Some library? A visit to a proper place for books to be cherished
The Lit and Phil library?..
It’s where book -lovers hang out’
Vera stood outside the Georgian symmetry of the Lit and Phil library in Newcastle
They climbed the stairs to the library on the first floor and opened the door to s room flooded with light from the glass domes. The walls were made of books
A murder mystery with a meaty puzzle to get your teeth stuck into. Vera at her very best. And a tour of Northumberland and Newcastle, not to mention a starting role for its special place for book lovers.
Harbour that thought when you read Harbour Street.
Hi there! Glad you’re able to join us. Rebecca’s on her way over for tea and cake. I’ve done what I said and prepared some lemon drizzle. Well it worked on Mari Hannah last week hehe
Oh there’s the doorbell…..Hi Rebecca, come on in.
Kettle’s on. Cake is served. Thanks for popping over. It’s great to see you again. Thanks for agreeing to chat with me about your book. Care for a piece of cake?
I’ve got a few questions I’d like to ask you –
1. Congratulations on winning the Northern Writers award in 2010!. Now you have had your first novel published by Moth Publishing. What made you want to start writing and did you ever think you would have such great success?
I’ve always written – even from being a little kid. I think it came from being such a big reader, especially things like Roald Dahl. It just seemed that the worlds you could make up were so much more exciting than the real world so I started creating my own. It was while I was at college that I realised I’d like to write for a living but I never really thought that it would happen. I thought it would always be just me sitting there alone in my room so it’s great that I’m almost there. I still have a day job but it’s amazing to think I can at least call myself a writer now!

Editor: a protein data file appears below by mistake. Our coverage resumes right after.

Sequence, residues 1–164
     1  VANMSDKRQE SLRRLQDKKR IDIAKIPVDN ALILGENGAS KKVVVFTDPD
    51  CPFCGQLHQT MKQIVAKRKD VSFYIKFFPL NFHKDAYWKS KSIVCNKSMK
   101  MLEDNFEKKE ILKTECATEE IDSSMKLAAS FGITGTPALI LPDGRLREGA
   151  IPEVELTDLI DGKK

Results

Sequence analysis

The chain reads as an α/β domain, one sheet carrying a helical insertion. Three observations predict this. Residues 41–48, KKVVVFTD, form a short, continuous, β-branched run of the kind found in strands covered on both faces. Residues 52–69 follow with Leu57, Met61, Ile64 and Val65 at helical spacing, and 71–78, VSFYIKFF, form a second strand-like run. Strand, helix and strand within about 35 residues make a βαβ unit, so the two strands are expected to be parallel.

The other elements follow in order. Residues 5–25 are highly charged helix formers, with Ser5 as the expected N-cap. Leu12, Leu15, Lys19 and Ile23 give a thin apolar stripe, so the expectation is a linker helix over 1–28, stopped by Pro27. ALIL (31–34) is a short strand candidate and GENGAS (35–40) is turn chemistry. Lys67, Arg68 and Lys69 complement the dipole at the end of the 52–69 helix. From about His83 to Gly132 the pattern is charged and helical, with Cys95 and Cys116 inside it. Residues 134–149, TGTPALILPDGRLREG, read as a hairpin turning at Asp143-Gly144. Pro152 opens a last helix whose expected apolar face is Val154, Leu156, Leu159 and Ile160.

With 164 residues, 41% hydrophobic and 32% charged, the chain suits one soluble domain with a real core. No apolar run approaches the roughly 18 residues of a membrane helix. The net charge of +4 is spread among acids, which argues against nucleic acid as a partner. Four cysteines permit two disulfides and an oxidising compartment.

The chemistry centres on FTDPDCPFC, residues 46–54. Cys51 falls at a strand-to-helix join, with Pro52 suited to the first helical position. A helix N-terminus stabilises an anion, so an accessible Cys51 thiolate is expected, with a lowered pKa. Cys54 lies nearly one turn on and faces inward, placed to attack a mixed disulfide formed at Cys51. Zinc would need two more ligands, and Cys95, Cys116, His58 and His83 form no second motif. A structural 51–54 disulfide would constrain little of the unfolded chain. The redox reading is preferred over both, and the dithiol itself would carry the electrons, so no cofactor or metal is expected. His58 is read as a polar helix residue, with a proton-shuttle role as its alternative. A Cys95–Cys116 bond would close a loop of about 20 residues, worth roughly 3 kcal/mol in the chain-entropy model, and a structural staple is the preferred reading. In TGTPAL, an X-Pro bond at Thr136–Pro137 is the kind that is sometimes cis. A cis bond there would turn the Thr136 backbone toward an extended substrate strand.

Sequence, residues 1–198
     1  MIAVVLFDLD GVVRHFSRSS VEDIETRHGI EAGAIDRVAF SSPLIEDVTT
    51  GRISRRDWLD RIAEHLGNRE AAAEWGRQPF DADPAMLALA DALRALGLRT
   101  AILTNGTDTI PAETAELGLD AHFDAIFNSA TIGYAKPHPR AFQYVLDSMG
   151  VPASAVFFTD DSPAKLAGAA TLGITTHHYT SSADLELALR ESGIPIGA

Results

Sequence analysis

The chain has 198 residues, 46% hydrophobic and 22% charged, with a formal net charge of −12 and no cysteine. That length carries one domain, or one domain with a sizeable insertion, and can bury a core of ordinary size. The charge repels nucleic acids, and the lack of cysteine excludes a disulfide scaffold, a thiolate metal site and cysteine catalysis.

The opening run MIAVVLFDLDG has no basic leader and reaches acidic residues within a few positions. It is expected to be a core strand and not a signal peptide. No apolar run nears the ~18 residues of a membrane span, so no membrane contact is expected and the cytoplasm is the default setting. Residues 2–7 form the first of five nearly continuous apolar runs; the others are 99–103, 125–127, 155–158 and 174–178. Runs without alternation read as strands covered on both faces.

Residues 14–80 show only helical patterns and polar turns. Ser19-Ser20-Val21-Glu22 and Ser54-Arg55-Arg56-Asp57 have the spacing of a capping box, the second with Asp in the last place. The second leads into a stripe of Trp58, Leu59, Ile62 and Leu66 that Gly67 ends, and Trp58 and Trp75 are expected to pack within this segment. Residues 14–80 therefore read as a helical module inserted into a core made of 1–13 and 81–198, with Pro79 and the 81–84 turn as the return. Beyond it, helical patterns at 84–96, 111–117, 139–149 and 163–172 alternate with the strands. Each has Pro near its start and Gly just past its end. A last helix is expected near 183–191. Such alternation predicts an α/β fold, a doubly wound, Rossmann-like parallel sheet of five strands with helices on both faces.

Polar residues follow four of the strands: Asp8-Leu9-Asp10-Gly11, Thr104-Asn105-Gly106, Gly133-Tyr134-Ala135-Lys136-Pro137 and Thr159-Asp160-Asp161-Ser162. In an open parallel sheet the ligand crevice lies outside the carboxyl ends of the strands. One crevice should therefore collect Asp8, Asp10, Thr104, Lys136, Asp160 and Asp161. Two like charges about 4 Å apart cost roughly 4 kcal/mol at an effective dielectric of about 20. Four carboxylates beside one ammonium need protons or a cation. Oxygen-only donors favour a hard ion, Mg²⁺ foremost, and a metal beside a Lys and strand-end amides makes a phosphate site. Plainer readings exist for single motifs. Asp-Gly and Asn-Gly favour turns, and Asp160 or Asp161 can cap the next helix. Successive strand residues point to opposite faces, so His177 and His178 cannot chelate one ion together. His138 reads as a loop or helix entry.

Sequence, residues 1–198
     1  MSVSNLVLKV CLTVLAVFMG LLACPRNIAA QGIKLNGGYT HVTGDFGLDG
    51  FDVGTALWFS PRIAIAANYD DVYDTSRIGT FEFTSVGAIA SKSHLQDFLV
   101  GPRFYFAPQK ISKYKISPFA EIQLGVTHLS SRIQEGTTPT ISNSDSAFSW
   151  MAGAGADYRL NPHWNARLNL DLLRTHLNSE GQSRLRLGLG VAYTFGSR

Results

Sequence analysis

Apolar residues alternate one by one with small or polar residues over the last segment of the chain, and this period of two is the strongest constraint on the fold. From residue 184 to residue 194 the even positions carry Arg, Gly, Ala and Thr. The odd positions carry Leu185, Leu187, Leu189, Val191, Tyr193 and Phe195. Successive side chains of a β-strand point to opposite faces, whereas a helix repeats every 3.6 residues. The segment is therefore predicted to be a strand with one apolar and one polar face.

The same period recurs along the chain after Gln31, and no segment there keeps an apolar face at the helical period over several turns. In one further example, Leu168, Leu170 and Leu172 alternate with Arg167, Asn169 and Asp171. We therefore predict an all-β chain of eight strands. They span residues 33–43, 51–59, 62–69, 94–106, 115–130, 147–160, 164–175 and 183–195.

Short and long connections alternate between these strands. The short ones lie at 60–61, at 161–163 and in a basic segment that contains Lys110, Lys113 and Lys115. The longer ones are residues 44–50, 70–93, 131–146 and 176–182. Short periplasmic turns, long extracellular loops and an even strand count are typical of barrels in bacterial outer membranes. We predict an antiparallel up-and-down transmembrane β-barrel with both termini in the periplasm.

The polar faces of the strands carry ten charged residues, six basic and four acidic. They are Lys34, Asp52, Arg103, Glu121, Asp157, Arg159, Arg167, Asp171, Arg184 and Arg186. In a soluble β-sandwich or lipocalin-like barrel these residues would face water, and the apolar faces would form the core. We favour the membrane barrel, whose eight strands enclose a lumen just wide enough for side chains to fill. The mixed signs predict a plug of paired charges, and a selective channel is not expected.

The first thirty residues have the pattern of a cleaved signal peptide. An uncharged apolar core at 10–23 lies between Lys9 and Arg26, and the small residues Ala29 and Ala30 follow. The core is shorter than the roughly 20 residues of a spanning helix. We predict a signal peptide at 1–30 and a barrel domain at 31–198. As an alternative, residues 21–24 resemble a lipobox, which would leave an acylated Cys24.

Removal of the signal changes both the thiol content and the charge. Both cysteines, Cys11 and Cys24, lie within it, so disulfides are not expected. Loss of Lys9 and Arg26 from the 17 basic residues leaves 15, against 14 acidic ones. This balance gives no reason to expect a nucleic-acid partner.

2. At your author event at Whitley Bay library, you mentioned that you have an interesting way of plotting. Can you tell us more about this?
Yes, it might be because of my background in screenwriting or maybe it’s just what works for me. Basically, I start with an idea and try to build it up until I have a basic plot. Then I write each plot point or scene that I have onto a little card and spread them out across the floor. Then I can see where the gaps are, can think “how do I get from here to here?” and add things to it. I also move things around so the structure changes. I then use this as a basic outline but quite often once the writing begins I’ll add more or make changes. I’m not someone who likes to write very detailed outlines. I like to have a bit of wiggle room and once I start rewriting things can change dramatically. Covering the floor in cards is odd to some people, but it works for me!
3. Stolen has a plot that everyone, not just mothers, can identify with – ‘Think of your most prized possession. Think of the one thing you love more than anything else. Think of the one thing you would die for. And then think of losing it.’Why did you decide to write about what must be the greatest loss of all, that of a child?
It wasn’t really a conscious decision to write about losing a child. My initial idea was more generally about missing people and how often they come back. But around the time I was thinking about the idea, the Madeleine McCann case was in the news and later there were other high-profile cases that seemed to follow a pattern in the way they were reported in the media – sympathy followed by blame followed by disinterest – and that was what really interested me.
4. Was it hard to write about such a difficult topic? What made you choose it?
It was hard to write but mainly because I wasn’t sure I could write about being a mother, especially a mother who loses her child. I don’t have kids so it seemed so far removed from my experience that I constantly worried whether I could pull it off. A writer friend pointed out that it was our job to write about things outside our own experience and I realised that I’d had no qualms about writing about being a murderer or whatever! But I think I chose it simply because it was a story that kept nagging at me and I wanted to explore themes around people going missing.